[00:14:17] Speaker C: Did you guys find that this was like a very bipartisan or nonpartisan issue in your experience? Or were you able to get legislators on both sides to really see the importance and had champions on both sides?
[00:14:34] Speaker F: I would say at first, yes. I mean, I think this question is a difficult one because of the states that are moving forward with universal school meals or healthy school meals for all. We have now started to see a divide and I think there was a national article sort of from conservative members saying we're going to ban the ability to do this in states. And so I worry what that means. I will say when we started these conversations, we were really encouraged by how much bipartisan support there was. And I think the budget process was really impactful for us because we've identified on both sides of the aisle who those champions would be for expanding school meal access. I don't know if we'll get them to go all the way in a bill, I'm hopeful and eventually I'm thinking we will. But I think we can definitely take incremental steps with some of these members that we've identified. And definitely Matthews, having worked in the State House and his relationships, was just huge when it comes to this work.
[00:15:35] Speaker E: Yeah, and the only thing I would add is that there are a few legislators who I think on both sides of the aisle took extra steps to make sure this got done. And I would love to shout them out personally, but I don't know if they would like that. So I'll just say, you know who you are and we appreciate your work and we will be talking to you very soon to try to get some more done.
[00:15:58] Speaker C: Good. Yeah. Actually, that's what's next. So what's next for the Hunger Free Schools Ohio Coalition? Is this it? You guys have mentioned several times on today that you can't wait and you can't wait and you can't wait for what's next. So what is next?
[00:16:14] Speaker F: Yeah, our work is definitely not done. We've, I think, done a really good job of building coalition and we need to keep everyone engaged in this because this is not an issue that's going away.
We are really excited about the prospect of helping with implementation and outreach. When we think about this new program that was implemented in our budget, of course, we're going to have a budget again in two years. We need to make sure this is a program that is sustained and then we need to build on top of that through standalone bills, through programs that can be done through Ode, for example, making sure we're participating in something like the demonstration project. We are probably going to see, I would assume in the next couple of years, some federal legislation that expands school meals, whether that is school meals for all I mean, I'm hopeful for that. Or expanding our community eligibility provision. I think there's a lot of work our coalition can do because it's such a blend of dynamic organizations and people in making sure Ohio is moving in the right direction of expanding school meals.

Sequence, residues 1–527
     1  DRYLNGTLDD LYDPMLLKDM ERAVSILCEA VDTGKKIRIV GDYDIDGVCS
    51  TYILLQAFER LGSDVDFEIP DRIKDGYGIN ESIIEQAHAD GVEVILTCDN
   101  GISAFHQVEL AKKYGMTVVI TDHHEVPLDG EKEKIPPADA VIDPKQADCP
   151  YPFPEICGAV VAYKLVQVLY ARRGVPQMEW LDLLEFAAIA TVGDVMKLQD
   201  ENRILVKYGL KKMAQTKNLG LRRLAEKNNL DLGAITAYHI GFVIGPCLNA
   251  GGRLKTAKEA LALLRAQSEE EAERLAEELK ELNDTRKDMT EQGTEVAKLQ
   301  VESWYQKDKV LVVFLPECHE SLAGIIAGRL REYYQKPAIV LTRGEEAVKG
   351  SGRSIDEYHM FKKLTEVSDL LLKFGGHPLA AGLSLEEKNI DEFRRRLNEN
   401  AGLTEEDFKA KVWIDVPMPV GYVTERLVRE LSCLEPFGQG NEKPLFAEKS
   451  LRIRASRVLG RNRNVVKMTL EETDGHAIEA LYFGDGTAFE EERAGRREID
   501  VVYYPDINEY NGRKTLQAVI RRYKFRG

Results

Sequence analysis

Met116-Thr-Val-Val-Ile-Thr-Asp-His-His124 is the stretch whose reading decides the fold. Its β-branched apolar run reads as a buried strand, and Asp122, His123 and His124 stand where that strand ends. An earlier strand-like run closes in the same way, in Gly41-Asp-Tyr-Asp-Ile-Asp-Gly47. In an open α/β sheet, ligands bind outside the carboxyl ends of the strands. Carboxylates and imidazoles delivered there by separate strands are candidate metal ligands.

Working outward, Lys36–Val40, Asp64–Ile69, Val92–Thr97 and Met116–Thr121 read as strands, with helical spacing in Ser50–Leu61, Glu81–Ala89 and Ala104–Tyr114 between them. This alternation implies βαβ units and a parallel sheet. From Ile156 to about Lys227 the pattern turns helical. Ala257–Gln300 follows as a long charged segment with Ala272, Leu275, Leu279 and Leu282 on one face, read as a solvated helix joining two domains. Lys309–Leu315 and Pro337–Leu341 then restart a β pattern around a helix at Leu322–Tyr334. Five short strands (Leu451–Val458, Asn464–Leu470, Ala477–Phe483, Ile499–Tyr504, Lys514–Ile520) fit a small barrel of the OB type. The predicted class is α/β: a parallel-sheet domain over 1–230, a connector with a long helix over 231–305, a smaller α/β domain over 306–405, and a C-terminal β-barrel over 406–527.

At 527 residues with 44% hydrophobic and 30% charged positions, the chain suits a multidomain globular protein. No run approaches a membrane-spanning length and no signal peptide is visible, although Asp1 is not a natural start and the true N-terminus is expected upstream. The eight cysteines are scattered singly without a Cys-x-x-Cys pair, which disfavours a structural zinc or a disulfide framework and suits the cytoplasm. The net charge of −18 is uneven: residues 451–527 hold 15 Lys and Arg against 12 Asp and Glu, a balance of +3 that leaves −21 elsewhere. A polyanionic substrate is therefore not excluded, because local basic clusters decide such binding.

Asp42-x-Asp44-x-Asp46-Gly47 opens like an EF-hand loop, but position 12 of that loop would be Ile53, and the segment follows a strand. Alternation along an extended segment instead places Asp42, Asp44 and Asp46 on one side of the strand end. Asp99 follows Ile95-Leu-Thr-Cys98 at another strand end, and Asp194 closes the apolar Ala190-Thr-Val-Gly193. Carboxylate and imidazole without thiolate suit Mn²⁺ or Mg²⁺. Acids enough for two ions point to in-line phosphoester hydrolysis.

[00:17:14] Speaker E: The only thing I would add is the next step is universality in Ohio. It's very important to make sure that every kid has a meal just because it's the most important thing you can do. If kids aren't eating at school, they can't think about math, they can't think about reading, they can't think about science. So let's make sure that every kid has a meal and not just those that fall into these categories.
[00:17:40] Speaker C: So Matthew, you talked a lot about lunch shaming and you had some experience with it yourself and I'm just wondering and I know throughout this process as members, Ohio Association of Food Banks or members of your coalition, I would send you articles that are like oh, a kid can't graduate because of this debt. And so if we are unable to get universality soon, we'll still have the issue of some people being required to pay even if they can't.
And then that leads to consequences like not being able to go to prom, not being able to play in the basketball game on Friday night, not being able to walk across the stage with their peers. So is there anything that can be done about that? Are you guys working on a lunch shaming bill or anything?
[00:18:28] Speaker F: Yeah, there are several states, I'm forgetting exactly which ones, but that have passed anti lunch shaming legislation that essentially you can't have practices like that, you usually still can go after the debt. What that looks like varies, but you can't have policies that would prevent from participating in sports or from walking at graduation, which I just can't believe that's happening. And I think it's important for the audience to remember this is to no fault of the student, they're accessing the meal that they need to think and they should not be penalized at all for this. So there's definitely anti lunch shaming legislation that we are going to look into and that could help with this. But really universality is what gets us to a point where that is no longer an issue. And I think the data is going to be really strong coming out of these other states when it comes to how many kids are eating together and eating and accessing these school meals that our nutrition providers put a lot of thought into.